Why Blackberry can’t provide small patches as done by Android, Apple, Microsoft for their platforms is a concern, as downloading 1GB each time to me is crazy! 

Your firmware upgrade depends on your SIM, not where your phone originated from

Many things to learn is what i have gathered with my first time move to a Blackberry devices.  My reading as i got to know the phone also found that your update depends on your SIM on the phone rather than what market your phone was made for.

For example though the phone i got was from European origin, since i have a Dialog SIM from Sri Lanka, the update i get will be based the approved firmware and features for Dialog.  It seems if you have an deactivated SIM, the update will still come based on the provider of the SIM if you are updating via a PC using BBLink.  A workaround suggested for getting updates that are not available from your providers is to get an old SIM from another provider from Europe or US so that you can get new updates faster.

The BB10 Operating System

>coming soon 🙂

Windows 8 phone: Promising but still raw and app store in its early days

I had wanted to try out the Nokia Lumia 800 as many who owned it spoke in praise on who smooth and slick the interface was, and this was truly credible considering similar single core equipped Snapdragon S1/S2  Android phones were stuttering in comparison.  However Microsoft dropped the bombshell by stating that none of the WP7 devices going to be upgraded to WP8, since they had said a higher bar for the minimum spec.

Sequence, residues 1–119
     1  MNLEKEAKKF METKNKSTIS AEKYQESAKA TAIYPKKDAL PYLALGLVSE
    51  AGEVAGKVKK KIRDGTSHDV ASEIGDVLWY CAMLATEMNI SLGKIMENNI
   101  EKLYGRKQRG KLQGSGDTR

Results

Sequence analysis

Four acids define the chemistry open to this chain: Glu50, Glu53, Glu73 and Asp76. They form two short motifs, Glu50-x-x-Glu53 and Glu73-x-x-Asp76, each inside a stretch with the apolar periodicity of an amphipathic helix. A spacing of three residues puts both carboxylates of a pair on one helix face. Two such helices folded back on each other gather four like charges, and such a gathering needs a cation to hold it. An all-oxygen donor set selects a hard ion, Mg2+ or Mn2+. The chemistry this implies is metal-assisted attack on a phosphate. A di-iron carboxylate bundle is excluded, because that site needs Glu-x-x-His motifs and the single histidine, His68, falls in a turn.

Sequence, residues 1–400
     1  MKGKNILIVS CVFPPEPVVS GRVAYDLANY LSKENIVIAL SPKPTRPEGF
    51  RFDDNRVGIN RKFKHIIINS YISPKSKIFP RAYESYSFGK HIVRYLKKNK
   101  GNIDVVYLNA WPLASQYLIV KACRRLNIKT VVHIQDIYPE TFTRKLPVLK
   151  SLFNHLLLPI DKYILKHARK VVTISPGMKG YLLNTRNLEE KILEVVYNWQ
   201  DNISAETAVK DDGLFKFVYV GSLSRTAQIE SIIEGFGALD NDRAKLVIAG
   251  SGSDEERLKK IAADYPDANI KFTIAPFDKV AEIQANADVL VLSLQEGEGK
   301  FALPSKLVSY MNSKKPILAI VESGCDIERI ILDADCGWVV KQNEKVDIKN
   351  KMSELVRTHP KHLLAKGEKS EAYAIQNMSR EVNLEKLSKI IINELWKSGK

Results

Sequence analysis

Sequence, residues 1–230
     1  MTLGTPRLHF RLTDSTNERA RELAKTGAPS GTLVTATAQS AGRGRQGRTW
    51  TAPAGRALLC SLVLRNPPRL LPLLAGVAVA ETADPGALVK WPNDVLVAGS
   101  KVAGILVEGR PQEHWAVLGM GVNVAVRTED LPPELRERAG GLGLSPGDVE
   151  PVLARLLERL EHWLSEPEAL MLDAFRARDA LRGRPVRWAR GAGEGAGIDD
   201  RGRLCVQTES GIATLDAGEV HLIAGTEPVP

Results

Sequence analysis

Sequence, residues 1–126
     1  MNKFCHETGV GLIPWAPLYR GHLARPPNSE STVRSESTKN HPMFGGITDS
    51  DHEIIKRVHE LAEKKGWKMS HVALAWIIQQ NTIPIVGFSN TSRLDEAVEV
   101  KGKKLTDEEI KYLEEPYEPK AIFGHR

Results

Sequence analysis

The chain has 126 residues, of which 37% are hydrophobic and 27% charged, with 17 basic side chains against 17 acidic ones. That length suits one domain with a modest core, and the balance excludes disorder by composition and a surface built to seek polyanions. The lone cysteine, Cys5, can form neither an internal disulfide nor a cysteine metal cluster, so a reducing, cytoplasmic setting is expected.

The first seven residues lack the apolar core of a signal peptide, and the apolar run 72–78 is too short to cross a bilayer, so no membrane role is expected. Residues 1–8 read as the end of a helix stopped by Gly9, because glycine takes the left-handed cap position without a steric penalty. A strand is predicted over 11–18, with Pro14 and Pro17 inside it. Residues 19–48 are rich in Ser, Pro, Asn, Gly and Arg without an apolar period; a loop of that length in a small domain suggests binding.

While the users of WP7 would have been very frustrated, the launch of the WP8 devices saw some great designs specially from Nokia, with HTC being a bit conservative compared to their Android offerings. The operating system brought many good opinions, but how does it stack up on every day use.

My experiences of WP8 are based on using the Nokia 620 and the 920, that provided me an idea of how it runs in base hardware, and somewhat higher spec hardware.

Touch and general OS navigation

The operating system has lived up to its smooth origins seen in WP7, and definitely had many Android users says how smooth the interface was.  Even Apple users commented positively on this, indicating Microsoft has got something right and not messed it up with the newer WP8.